(Bloomberg Opinion) -- E*Trade Financial Corp. sits at the intersection of two of the world’s most persistent boys’ clubs: Wall Street and Silicon Valley. But behind the layers of computer code that enable at-home investors — another mostly male crowd — to buy and sell stocks online, there’s a group of female tech wizards at E*Trade that make it possible.Fostering a culture that attracts and advances women in the STEM fields is one more way that E*Trade, one of the earliest online brokerages, has been a pioneer in the industry. That little-known trait is something its new corporate parent, Morgan Stanley, would be smart to preserve — and emulate — especially as it looks to reach a wider set of customers. Morgan Stanley agreed on Thursday to acquire E*Trade for $13 billion, fusing together an old-school brokerage business of wealthy Wall Street clients with a digital Main Street brand that resonates with younger people. It’s an opportunity for the white-shoe firm to gain a new type of customer it wasn’t equipped to reach in a corner of the market that’s growing — and one that’s bound to draw more prospective female customers over time. E*Trade had 5.17 million retail accounts as of December and an average of more than 300,000 trades each day. I first learned about E*Trade’s impressive roster of female tech leadership in mid-2018, when I had the pleasure of interviewing them and hearing their stories in the company’s New York office just outside Times Square. They reflected on working their way up in an industry where they initially saw few other female faces, then later a few more, and more yet when they joined E*Trade.Women still head up key teams, such as the innovation lab, run by Jeanne Jang, an alum of International Business Machines Corp. Liensa Vidra has risen up the E*Trade ranks to vice president of product management, and Heather Munoz is senior vice president of tech development, following a career at CME Group Inc. Alice Milligan, who’s made stops at American Express Co. and Citigroup Inc.’s North America consumer bank, was named E*Trade’s chief customer officer last May, overseeing all retail products and how digital customers use them. As with any business, some employees I met have moved on, but the leadership in the chief customer office — the core of E*Trade — is currently 60% female, according to a spokeswoman. That’s almost unheard of in financial services, where it’s hard not to notice that almost all the firms are named after men (Morgan Stanley included). A few of the women I spoke with stressed the importance of informal mentoring — from both male and female leaders — and having it happen organically. Alison Li, a web development manager for whom English is a second language, said that she had never had a female mentor until joining E*Trade and that it brought her out of her shell. “I felt the difference,” she said in our 2018 interview. Diversity helps the intimidation factor of being a woman in fintech fade away, is how Eileen Kane, now vice president of IT project management, put it at the time. Having a father who was an engineer when she was growing up, Kane “never thought this wasn’t a place for women to be,” a message she has since passed on to her children; her 20-year-old daughter is a STEM student. A common sentiment they all shared was wanting to pay it forward for the next crop of female techies. E*Trade might be one of the last places one would expect to find such a bastion of female support and diversity. After all, this is a company that just three years ago advertised its services with a cliche commercial showing a dorky white guy partying on a yacht full of bikini-clad bombshells after becoming rich using E*Trade. Its commercials have since evolved: One of last year’s ads swapped out the dude for an adorable dog on a speedboat; another featured a young woman floating poolside on an Instagrammable swan raft while checking her E*Trade account. Broadly speaking, women, not least because they earn less than men, also invest less. A 2017 survey by Bank of America Merrill Lynch found that while most are confident in budgeting and paying bills, only 52% are confident managing investments, compared with 68% of men. A majority of the female respondents also said that the financial services industry has traditionally catered to men. Funny enough, an abundance of research has shown that women make pretty good investors. They tend to be more cautious, patient, trade less (which saves on fees), are less prone to panic and thus outperform. As I’ve noted before, it’s no wonder that women share these traits with Warren Buffett, the world’s most celebrated investor. Even so, only 10% of fund managers in the U.S. are women, and they tend be put in charge of passive funds, according to consistently depressing but important research done by Morningstar Inc.Corporate America has certainly placed a bigger emphasis on gender diversity and pay equity. But when companies brag about their progress, a closer look will often reveal that female leaders tend to be clustered around public relations and human resources. As important as that work is, those positions don’t put women on course to become the next CEO.That’s why I found E*Trade so refreshing. Women are at the center of the company’s foundation: its technology, the “E” in its 1990s-throwback of a name. Having that diverse perspective and life experience will only help E*Trade and its new parent design products that appeal to a wider group of customers. (I’d be remiss not to mention Ellevest here, a robo-adviser that already specifically targets women and was founded by Sallie Krawcheck, who once ran wealth management at Bank of America and Citi.)James Gorman, chairman and CEO of Morgan Stanley, said he’s considering calling his newly acquired business something along the lines of E*Trade Powered by Morgan Stanley, but that it’d be “completely nuts” to get rid of the E*Trade brand. E*Trade CEO Mike Pizzi isn’t going anywhere either. The bank would do well to keep E*Trade’s culture intact, too.To contact the author of this story: Tara Lachapelle at email@example.comTo contact the editor responsible for this story: Daniel Niemi at firstname.lastname@example.orgThis column does not necessarily reflect the opinion of Bloomberg LP and its owners.Tara Lachapelle is a Bloomberg Opinion columnist covering the business of entertainment and telecommunications, as well as broader deals. She previously wrote an M&A column for Bloomberg News.For more articles like this, please visit us at bloomberg.com/opinionSubscribe now to stay ahead with the most trusted business news source.©2020 Bloomberg L.P.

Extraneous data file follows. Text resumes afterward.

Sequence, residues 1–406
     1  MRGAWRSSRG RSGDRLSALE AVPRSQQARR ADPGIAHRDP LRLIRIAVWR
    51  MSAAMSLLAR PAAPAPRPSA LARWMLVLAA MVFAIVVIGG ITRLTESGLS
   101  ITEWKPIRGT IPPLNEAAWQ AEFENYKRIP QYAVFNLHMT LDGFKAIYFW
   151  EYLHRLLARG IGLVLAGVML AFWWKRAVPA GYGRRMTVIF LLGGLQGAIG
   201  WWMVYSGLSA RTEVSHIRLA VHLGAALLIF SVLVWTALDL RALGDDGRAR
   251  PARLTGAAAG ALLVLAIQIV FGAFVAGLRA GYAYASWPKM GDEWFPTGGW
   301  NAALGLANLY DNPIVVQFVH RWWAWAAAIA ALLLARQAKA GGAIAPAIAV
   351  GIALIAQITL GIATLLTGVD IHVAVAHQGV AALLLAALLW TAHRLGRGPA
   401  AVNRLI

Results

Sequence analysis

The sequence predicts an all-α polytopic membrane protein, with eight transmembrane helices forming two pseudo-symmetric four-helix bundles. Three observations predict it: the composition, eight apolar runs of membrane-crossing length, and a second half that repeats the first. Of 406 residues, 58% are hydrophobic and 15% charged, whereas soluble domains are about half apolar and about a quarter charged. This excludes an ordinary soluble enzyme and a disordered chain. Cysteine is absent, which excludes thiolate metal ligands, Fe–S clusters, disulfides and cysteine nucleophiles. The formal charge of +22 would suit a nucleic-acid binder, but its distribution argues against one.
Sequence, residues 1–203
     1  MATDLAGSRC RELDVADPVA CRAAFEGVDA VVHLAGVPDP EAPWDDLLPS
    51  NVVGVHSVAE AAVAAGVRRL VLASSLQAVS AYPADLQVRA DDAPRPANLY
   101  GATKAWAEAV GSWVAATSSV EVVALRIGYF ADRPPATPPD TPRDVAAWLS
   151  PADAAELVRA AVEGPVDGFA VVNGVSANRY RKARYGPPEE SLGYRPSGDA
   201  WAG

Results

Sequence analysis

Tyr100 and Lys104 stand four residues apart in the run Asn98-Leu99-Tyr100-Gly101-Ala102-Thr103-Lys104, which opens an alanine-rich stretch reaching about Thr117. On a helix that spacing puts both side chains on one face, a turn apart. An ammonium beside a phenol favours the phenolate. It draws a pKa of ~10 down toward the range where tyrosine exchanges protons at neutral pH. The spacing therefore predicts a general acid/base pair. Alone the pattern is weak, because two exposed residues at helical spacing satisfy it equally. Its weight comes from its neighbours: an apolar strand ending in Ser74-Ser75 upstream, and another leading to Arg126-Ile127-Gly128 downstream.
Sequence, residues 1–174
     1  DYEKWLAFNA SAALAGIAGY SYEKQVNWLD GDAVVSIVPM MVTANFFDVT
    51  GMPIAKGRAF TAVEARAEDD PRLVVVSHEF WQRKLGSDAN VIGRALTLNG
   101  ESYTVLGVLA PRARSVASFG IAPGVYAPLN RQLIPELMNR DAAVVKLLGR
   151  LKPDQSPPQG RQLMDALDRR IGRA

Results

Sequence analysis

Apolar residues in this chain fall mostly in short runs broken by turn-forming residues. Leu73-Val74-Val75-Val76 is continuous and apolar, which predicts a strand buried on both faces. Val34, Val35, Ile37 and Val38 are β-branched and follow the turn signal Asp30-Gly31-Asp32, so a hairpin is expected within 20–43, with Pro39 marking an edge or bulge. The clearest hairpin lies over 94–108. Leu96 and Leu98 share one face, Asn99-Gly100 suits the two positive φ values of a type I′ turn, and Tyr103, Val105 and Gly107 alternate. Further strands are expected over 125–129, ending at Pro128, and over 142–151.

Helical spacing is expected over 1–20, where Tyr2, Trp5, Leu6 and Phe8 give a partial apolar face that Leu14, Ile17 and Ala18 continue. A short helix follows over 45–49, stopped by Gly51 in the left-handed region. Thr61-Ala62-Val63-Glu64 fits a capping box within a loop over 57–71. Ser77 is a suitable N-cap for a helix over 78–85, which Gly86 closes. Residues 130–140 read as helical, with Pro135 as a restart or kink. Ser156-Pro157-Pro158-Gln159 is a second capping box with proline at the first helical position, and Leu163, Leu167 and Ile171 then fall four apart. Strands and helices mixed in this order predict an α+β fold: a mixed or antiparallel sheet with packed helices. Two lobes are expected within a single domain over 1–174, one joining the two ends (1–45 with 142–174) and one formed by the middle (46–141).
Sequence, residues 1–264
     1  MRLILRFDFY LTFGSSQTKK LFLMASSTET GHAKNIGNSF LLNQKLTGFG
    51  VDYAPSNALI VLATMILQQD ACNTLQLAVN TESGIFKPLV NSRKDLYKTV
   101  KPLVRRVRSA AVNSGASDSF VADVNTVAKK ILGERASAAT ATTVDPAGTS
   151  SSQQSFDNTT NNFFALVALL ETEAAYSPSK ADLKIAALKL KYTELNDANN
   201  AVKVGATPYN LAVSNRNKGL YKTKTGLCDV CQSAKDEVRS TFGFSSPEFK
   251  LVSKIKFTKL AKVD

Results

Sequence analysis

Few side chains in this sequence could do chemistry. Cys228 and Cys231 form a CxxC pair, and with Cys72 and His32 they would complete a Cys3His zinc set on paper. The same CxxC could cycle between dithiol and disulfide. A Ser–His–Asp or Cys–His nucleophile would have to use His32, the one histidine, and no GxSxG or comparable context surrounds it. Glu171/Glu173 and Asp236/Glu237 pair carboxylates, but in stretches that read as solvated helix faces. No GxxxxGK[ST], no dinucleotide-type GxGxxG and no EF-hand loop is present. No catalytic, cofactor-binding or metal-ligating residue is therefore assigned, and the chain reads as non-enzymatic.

American Express (AXP) reported earnings 30 days ago. What's next for the stock? We take a look at earnings estimates for some clues.